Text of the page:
My Grandma ...
A Veterans Administration Nurse during WWII
by Stefani Sanford
"I remember hitch-hiking to Army bases during the war so I
could see my husband ..."
These are the first words out of my grandmother's mouth when
answering my question of what things were like during world War II. She continues by
saying that she had to get jobs in cafes for little pay since she was a woman. While
Granddad was in the army, two children were born-my Uncle Ed and Aunt Judi. Grandma was
left to raise them alone for the first two years of their lives. They were without the
normal things most children had back then, namely a father. He was not there to help raise
and discipline the children. Living in Tampa, Florida at the time, right next to an air
base, many soldiers came by the house and looked directly into the windows of my
grandparent's house. This probably occurred because they knew that many women lived alone
at the time. Since her husband was not there to protect her, she called the police
immediately. Later on, my grandparents moved to California because of my Granddad's job
My Grandma took a nursing job in the V. A. Hospital in Palo Alto. She trained for this
at Washington Missionary College in Washington D.C. She received offers either working
with patients in a physical aspect or a psychological aspect. She choose the psychological
aspect. I asked her why. She answered, "it was something I was always interested in.
I wanted to help with things other than physical ailment. I felt it was my main interest.
I thought I could do the most good there."
"Nursing was something I was always interested in. Yet, I wanted
to help with problems that went beyond physical ailments. I thought I could do the most
good that way."
Her duties included: Co-leader of family groups, administering medication, and working
in the lab testing blood.
Many of the patients she treated were I the hospital for drug abuse, depression, stress,
and hepatitis. So I asked her if it was hard for her to detach herself from her emotions.
She told me that it really wasn't. She said she always was sure to take her break. She
never became involved with the patients when she was not on duty, not even to eat lunch
Grandma told me two of her success stories:
She helped with a vet who was very sick from the stress of fighting in the Vietnam
war. He was very nervous all of the time. He became afraid because he would have
flashbacks of the war. He also had a hard time concentrating. He had a hard time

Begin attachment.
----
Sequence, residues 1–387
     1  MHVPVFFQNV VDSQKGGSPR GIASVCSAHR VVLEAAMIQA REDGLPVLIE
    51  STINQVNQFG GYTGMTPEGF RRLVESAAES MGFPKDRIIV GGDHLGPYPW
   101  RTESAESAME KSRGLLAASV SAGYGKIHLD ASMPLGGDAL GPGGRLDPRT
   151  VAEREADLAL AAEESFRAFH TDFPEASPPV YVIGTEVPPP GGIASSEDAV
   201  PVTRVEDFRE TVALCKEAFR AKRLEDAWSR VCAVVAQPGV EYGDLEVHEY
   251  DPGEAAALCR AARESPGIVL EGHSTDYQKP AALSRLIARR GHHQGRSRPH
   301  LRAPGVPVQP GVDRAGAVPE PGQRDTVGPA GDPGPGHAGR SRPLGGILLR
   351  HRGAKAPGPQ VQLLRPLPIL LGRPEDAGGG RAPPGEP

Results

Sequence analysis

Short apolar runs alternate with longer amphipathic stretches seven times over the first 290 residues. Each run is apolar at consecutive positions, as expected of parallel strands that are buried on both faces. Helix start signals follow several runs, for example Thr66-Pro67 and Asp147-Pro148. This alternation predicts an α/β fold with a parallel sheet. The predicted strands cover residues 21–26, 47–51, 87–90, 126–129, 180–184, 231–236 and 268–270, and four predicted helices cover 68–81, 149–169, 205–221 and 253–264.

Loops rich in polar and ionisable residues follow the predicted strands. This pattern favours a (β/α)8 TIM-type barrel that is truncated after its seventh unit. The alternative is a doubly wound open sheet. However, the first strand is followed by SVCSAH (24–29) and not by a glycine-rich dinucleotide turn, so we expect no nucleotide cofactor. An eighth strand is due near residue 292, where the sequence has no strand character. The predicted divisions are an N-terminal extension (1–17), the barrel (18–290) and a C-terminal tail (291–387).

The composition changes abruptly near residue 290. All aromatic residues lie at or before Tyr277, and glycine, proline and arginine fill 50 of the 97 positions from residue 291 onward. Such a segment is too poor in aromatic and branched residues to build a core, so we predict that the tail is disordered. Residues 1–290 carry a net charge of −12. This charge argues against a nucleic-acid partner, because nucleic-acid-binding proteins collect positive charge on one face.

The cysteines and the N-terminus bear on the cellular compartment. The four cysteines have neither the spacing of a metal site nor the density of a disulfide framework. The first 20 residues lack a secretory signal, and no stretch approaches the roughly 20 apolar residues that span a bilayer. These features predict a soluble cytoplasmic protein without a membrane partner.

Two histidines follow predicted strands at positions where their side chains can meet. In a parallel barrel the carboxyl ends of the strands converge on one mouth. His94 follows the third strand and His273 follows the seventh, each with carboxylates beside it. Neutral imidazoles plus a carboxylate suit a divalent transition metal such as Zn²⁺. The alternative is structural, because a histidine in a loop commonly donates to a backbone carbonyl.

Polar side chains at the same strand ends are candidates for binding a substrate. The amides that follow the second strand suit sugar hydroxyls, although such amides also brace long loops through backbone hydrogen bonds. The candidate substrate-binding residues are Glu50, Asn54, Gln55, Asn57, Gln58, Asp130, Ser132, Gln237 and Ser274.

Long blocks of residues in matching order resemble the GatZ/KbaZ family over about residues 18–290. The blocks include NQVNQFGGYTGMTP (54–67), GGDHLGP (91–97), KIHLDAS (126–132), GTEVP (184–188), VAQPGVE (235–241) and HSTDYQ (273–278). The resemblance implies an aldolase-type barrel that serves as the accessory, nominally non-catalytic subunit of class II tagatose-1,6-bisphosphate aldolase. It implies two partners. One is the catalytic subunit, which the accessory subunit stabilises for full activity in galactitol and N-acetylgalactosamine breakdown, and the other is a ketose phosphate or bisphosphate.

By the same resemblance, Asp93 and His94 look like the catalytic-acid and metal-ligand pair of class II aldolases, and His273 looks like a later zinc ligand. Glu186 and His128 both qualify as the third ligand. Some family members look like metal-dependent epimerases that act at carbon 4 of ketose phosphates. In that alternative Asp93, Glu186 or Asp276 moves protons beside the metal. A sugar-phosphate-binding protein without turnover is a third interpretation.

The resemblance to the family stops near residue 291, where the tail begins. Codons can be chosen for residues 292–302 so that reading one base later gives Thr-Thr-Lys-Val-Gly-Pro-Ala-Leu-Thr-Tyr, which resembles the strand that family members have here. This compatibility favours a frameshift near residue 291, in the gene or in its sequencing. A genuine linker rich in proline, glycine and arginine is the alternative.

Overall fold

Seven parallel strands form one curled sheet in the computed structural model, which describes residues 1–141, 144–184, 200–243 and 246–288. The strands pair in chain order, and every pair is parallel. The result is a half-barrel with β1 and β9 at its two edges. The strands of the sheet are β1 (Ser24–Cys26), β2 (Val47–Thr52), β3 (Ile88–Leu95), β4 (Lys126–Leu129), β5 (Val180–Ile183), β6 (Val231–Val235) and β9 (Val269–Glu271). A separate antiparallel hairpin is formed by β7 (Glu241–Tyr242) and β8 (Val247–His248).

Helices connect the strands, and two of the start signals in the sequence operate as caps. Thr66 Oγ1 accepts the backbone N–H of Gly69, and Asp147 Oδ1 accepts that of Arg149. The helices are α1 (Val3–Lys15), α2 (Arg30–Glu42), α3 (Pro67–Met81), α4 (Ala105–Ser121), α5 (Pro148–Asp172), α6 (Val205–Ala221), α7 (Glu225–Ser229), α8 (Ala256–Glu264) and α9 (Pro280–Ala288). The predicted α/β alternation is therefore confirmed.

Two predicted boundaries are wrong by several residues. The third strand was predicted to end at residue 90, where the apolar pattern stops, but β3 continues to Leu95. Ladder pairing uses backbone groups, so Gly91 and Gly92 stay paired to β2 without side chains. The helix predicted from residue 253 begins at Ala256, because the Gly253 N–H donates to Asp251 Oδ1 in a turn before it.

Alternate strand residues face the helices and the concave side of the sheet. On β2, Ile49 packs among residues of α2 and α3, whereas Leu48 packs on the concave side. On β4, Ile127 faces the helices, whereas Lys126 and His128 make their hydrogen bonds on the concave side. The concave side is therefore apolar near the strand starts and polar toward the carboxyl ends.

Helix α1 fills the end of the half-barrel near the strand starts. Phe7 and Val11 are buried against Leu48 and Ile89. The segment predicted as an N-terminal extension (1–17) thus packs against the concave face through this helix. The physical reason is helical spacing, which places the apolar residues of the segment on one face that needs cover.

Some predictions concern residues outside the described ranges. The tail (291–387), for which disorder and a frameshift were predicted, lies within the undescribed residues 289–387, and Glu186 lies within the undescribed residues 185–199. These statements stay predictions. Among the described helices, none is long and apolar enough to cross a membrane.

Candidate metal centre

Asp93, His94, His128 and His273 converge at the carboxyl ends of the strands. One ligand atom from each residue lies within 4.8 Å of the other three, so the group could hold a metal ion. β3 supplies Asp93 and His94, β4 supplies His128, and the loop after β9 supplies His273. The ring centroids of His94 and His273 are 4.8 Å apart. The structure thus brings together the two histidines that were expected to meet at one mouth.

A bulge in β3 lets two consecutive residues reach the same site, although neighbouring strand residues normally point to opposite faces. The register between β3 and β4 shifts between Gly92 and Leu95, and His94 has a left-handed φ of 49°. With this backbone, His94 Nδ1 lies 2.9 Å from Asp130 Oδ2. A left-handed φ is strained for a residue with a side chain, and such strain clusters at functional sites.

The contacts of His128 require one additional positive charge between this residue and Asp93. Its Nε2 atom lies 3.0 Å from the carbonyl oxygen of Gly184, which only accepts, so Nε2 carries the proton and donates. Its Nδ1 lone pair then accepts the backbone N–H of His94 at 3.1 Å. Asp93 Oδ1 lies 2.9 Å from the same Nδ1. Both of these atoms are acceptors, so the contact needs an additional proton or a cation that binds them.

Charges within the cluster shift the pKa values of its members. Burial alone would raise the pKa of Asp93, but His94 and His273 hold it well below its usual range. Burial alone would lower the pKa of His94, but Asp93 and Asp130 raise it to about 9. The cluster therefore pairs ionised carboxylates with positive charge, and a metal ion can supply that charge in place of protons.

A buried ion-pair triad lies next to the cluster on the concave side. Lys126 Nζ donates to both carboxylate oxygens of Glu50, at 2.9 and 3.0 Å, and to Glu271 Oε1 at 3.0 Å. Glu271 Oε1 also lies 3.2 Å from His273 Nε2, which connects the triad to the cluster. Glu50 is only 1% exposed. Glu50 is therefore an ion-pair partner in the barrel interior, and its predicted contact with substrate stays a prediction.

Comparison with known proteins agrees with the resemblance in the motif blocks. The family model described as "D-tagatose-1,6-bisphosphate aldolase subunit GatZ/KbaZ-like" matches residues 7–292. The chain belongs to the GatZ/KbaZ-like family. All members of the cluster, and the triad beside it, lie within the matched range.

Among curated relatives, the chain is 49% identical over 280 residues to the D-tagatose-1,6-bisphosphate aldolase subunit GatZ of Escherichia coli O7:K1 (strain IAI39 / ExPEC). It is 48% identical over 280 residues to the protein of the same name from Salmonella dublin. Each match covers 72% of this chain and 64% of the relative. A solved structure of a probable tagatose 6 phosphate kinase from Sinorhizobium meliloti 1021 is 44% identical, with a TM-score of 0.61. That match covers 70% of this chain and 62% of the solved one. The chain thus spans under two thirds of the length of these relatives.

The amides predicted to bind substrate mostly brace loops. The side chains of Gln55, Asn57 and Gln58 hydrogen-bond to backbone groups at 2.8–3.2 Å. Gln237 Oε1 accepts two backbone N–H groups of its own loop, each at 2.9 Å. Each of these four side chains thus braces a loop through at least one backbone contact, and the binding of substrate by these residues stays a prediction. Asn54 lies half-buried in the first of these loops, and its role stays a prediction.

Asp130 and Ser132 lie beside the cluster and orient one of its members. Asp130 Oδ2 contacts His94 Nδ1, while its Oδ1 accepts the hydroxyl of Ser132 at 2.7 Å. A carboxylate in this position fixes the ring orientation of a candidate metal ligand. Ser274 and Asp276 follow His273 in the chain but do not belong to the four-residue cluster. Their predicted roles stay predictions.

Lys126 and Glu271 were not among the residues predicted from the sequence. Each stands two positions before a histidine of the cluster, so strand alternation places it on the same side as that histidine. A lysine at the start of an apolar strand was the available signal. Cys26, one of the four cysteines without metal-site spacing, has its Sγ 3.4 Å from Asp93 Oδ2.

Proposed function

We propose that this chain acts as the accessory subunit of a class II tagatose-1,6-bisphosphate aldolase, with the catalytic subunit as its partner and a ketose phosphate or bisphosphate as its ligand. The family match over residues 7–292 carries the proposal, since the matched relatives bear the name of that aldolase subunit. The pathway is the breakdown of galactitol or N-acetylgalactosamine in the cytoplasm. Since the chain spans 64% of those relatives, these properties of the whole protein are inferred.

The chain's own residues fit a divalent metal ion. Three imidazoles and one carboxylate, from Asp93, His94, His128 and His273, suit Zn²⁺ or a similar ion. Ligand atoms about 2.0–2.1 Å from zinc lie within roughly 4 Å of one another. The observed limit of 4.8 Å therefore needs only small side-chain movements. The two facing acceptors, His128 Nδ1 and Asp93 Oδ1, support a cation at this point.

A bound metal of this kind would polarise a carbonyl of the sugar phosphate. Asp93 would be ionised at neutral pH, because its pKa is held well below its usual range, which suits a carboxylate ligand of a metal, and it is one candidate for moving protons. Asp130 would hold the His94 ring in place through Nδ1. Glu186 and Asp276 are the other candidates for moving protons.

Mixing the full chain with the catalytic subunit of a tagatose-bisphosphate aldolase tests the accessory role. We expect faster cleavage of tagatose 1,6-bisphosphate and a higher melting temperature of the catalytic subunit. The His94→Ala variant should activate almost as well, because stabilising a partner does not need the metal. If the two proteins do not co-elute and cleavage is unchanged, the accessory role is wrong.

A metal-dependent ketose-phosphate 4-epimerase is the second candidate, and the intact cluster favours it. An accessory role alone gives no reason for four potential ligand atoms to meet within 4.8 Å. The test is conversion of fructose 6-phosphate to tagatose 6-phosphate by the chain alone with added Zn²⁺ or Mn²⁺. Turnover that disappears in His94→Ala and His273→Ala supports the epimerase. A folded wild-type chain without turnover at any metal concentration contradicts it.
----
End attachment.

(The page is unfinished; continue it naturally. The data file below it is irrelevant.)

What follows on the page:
expressing what really happened in Vietnam. He suffered from insomnia a lot of the time.
Something that made his problem worse was that while he was fighting in Vietnam his father
passed away. He had a very hard time dealing with this.
To counter these symptoms my Grandma helped him in various types of therapy, including:
therapy through cooking, music, art, and one-on-one counseling. The simple task of making
dinner made him feel as if he accomplished something, which was very helpful to his
recovery, especially since it was YUMMY and his peer group enjoyed it.
He only had one physical symptom. It was a leg wound that eventually healed.
"After only 3 months he got better and moved on."
Then she spoke of another patient:
He "was a man who had one leg (an amputee). He had been a pilot in the war and
was very depressed about his accident and losing his leg. He, through counseling and
encouragement, was able to leave the hospital and live a normal life." Grandma's role
in this was working with him a lot in his one-on-one therapy, which included giving him a
lot of encouragement. He became very fond of my Grandma -- always asking her to go with
him wherever he went.
Since retirement about ten years ago, Grandma says that "the reduced income has made
an impact (but life has been) better than I ever dreamed life could be, even though I miss
my job." In reflecting on what her job has helped her gain, she says that, "The
kind of work done has helped (me) in figuring things out about life." Sometimes when
facilitating small groups in therapy she found herself getting mad -- mostly at her
supervisor. She had a "How did I help create this?" kind of attitude. This
helped her to realize where her anger was coming from and take responsibility for her
Grandma recommends nursing to others "because it is a very
rewarding thing to do. It makes life much more worthwhile."
Grandma recommends this
career to others "because it is a very rewarding thing to do. It makes life much more
worthwhile. Although, I know it is not for everyone." Grandma feels and with good
reason, that she had a big impact on her patients lives. After leaving, some former
patients would come back and ask for her. This is because she had been so patient with
them. Today, she still is called if one of the younger nurses needs to know what she can
do for the psychiatric patients.
The story Grandma leaves me with is that she would often take 11 passengers with her
in a big white van. Two of the passengers were always a doctor and another nurse. Grandma
said she would take forever backing out of the driveway because she was so nervous. They
would often do this on their way to breakfast or the beach. At the beach they would play
volleyball or go deep sea fishing. "The patients had to do busy things in order to
prepare themselves to get out of the hospital. Nursing our vets was a very rewarding